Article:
Banks to display deposit compensation information
The Financial Services Authority (FSA) has ruled that all banks, building societies and credit unions must declare the deposit compensation scheme that a customer's savings are covered by.
Financial institutions must 'prominently display' posters and stickers, both in branch and online explaining whether deposits are covered by the Financial Services Compensation Scheme (FSCS) or another European scheme.
The FSA requires UK branches of foreign banks within the European Economic Area (EEA) to give information that deposits are not covered by the FSCS. The bank or building society would instead have to specify which national scheme savings are covered by.
The rules will come into effect from 31 August this year.
Andrew Bailey, director of UK banks and building societies at the FSA, says customers need to know what compensation scheme they are covered by in the event of a default.
"Too many people assume that because their branch is located on a local high street in the UK, they are covered by the FSCS," he says. "This is not true for UK branches of EEA banks where the home country's deposit guarantee scheme applies."
As an example, deposits in Dutch bank ING Direct are covered by the Dutch Central Bank Deposit Guarantee Scheme, despite the bank having a UK presence.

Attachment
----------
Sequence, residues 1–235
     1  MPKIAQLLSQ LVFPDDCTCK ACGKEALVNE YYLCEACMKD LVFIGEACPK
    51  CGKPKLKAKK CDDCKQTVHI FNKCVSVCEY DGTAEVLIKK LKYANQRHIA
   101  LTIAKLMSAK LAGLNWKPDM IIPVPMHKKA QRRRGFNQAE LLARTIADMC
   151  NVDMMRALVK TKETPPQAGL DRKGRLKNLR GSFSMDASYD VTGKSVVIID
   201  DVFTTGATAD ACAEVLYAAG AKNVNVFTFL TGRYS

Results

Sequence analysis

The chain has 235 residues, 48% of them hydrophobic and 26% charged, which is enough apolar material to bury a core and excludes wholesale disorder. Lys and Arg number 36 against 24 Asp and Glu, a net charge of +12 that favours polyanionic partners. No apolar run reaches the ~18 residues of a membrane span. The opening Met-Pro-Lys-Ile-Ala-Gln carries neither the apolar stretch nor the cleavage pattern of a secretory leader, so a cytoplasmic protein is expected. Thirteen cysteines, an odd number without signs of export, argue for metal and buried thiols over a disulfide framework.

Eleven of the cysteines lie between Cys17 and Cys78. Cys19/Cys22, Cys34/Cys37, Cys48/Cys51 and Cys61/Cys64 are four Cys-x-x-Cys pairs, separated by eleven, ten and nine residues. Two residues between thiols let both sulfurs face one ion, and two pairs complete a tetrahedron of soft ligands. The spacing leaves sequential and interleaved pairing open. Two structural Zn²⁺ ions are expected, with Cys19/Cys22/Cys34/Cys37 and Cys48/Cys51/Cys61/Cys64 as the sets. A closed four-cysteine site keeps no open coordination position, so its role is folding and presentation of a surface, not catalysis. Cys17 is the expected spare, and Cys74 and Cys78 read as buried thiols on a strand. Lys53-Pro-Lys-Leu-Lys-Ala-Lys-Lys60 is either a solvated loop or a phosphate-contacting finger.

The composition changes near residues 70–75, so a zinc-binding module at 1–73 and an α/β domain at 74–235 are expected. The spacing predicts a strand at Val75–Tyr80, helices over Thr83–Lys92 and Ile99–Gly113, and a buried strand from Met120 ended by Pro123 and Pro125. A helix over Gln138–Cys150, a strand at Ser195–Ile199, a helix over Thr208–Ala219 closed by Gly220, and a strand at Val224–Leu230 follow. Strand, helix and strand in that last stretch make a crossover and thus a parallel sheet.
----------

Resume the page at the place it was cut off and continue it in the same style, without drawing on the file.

This article was written for our sister website Money Observer
The Financial Services Authority is an independent non-governmental body, given a wide range of rule-making, investigatory and enforcement powers in order to meet its four statutory objectives: market confidence (maintaining confidence in the UK financial system), financial stability, consumer protection and the reduction of financial crime. The FSA receives no government funding and is funded entirely by the firms it regulates, but is accountable to the Treasury and, ultimately, parliament.
The Financial Services Compensation Scheme is the compensation fund of last resort for customers of authorised financial services firms. If a firm becomes insolvent or ceases trading, the FSCS may be able to pay compensation to its customers. Limits apply to how much compensation the FSCS is able to pay, and those limits vary between different types of financial products. However, to qualify for compensation, the firm you were dealing with must be authorised by the Financial Services Authority (FSA).
This is a mutual organisation owned by its members and not by shareholders. These societies offer a range of financial services but have historically concentrated on taking deposits from savers and lending the money to borrowers as mortgages, hence the name. In the mid-1990s many societies “demutualised” and became banks. One academic study (Heffernan, 2003) found demutualised societies’ pricing on deposits and mortgages was more favourable to shareholders than to customers, with the remaining mutual building societies offering consistently better rates. In 1900, there were 2,286 building societies in the UK; in 2011, there are just 51.